I want to help you by sharing my thoughts on college softball camps.  Through the years my daughter attended too many to count or name and now she works them as a member of her college softball team.  Today as a 16U travel coach I am encouraging my players to attend camps.  

Which ones?  How many?  What types?  Why?  Those are some of the most common questions I’m asked.  I’ll answer these and more in this article, which I hope you will share with other parents in your softball circles.  

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What is a College Softball Camp?

There are three types of camps that college softball programs put on: All Skills, Specific Skills & Team.  An All Skills camp is generally open to all ages and provides instruction and practice for all aspects and positions in the game.  Specific Skills camp examples are Hitting only, Pitching & Catching and Defensive only.  Sometimes all three of these will be scheduled on a single day back-to-back-to-back, where a player may choose to participate in more than one.  Team camps are where your team signs up for a series of scrimmages and are coached by the college players.  Instruction is provided by coaches and players, but it's mostly about playing games.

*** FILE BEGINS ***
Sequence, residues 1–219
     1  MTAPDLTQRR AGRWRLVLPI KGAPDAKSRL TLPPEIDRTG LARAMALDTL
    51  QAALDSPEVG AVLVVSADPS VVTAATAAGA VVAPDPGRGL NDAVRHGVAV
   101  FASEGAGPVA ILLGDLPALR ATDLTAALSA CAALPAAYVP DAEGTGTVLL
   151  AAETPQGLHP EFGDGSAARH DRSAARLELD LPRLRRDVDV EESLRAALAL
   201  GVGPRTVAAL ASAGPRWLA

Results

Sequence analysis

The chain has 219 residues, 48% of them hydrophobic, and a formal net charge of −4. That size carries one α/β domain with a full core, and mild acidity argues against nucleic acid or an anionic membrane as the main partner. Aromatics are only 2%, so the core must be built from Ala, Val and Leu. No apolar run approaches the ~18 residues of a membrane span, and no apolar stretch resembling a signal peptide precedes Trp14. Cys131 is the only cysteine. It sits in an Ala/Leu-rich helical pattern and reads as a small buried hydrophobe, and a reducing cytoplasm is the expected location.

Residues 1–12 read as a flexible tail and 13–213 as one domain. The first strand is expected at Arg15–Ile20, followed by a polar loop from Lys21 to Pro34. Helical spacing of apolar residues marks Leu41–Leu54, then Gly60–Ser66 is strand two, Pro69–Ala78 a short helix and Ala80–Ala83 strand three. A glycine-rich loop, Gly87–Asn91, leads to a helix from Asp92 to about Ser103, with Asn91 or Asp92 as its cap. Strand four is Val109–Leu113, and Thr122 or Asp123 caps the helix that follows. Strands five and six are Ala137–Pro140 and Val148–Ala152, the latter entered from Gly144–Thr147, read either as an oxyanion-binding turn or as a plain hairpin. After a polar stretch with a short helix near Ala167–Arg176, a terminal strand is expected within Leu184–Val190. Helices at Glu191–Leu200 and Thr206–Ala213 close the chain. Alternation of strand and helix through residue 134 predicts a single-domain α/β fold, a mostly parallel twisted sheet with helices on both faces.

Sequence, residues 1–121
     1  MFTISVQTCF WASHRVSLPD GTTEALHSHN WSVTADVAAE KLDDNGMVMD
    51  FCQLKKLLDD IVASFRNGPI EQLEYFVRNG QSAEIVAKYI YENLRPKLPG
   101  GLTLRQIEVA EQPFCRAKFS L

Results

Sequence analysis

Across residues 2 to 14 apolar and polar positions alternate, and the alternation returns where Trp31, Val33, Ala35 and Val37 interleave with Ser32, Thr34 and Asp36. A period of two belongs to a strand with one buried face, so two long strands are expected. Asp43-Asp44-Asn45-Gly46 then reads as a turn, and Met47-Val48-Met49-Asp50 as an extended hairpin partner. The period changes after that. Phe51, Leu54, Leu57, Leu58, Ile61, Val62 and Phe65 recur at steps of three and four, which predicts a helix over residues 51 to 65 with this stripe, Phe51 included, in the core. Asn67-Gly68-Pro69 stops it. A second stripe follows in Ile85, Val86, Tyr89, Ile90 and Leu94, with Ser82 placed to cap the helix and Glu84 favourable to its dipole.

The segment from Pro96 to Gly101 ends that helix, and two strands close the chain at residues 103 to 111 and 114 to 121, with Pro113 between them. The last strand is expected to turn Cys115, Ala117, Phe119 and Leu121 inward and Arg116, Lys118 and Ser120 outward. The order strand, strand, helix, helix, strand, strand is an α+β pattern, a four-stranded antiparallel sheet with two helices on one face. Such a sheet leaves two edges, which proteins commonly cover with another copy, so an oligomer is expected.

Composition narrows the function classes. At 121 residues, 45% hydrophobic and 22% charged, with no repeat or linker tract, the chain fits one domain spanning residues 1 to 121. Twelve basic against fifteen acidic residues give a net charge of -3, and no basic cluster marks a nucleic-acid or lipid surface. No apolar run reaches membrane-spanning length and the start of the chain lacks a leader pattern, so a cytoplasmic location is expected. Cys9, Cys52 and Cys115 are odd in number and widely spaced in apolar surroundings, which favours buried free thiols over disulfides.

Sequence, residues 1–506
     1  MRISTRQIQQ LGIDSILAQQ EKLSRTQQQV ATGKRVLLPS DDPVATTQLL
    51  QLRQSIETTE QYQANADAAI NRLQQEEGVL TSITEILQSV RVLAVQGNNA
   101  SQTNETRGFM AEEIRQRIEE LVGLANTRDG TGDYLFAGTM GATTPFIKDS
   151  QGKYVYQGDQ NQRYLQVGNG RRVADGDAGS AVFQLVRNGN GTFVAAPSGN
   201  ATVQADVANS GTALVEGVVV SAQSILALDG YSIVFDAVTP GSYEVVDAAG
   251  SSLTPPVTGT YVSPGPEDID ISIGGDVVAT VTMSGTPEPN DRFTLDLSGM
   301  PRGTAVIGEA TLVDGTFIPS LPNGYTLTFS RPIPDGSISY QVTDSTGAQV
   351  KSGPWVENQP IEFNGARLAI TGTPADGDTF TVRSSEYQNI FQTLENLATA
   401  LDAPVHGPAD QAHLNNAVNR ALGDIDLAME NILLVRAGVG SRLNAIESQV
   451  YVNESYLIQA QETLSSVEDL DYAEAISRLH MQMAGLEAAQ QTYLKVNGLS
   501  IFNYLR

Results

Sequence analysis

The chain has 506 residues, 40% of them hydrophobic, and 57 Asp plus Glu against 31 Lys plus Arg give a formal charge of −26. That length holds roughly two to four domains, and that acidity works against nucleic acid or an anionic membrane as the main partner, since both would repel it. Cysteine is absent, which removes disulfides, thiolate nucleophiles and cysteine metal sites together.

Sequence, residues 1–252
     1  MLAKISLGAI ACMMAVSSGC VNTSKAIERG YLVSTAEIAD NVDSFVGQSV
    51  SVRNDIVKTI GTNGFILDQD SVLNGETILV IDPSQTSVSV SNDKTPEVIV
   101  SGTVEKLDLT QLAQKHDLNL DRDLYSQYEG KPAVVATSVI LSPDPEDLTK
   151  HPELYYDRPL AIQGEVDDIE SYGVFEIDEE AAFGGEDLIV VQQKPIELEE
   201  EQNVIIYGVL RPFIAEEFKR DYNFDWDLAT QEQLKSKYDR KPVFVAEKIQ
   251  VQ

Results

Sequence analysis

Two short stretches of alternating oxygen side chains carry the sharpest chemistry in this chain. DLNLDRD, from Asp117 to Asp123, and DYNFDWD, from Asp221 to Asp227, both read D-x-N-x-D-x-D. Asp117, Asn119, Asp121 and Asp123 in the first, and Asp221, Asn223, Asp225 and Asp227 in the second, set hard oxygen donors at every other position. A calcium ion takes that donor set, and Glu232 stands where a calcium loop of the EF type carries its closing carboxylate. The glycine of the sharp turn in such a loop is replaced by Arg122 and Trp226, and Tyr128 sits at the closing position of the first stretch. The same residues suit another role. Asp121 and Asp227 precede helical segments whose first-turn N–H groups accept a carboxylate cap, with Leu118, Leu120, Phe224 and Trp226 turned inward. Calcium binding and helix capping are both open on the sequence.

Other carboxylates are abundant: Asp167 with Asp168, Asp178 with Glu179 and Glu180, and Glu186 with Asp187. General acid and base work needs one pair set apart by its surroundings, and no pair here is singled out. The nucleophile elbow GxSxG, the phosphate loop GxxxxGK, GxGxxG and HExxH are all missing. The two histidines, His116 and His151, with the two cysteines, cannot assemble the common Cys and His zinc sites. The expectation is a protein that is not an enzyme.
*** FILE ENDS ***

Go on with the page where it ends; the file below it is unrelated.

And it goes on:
Over time your daughter (and you) may receive camp brochures and emails about upcoming camps she might be interested in attending.  No, this does not mean she's being recruited by that college.  It means she is on a mailing list, which is likely from being registered through ASA, NSA, etc. 

Why Should My Daughter Attend College Softball Camps?

Younger players (ages 7-12) could participate in a nearby college’s camp for instruction they may not be receiving in recreational softball and sometimes travel softball.  For younger players who go to or watch the college’s games, attending a camp at this age is more of a “meet the girls they want to be like when they grow up” sort of thing.  No, the coach will not be recruiting your 12 year old daughter.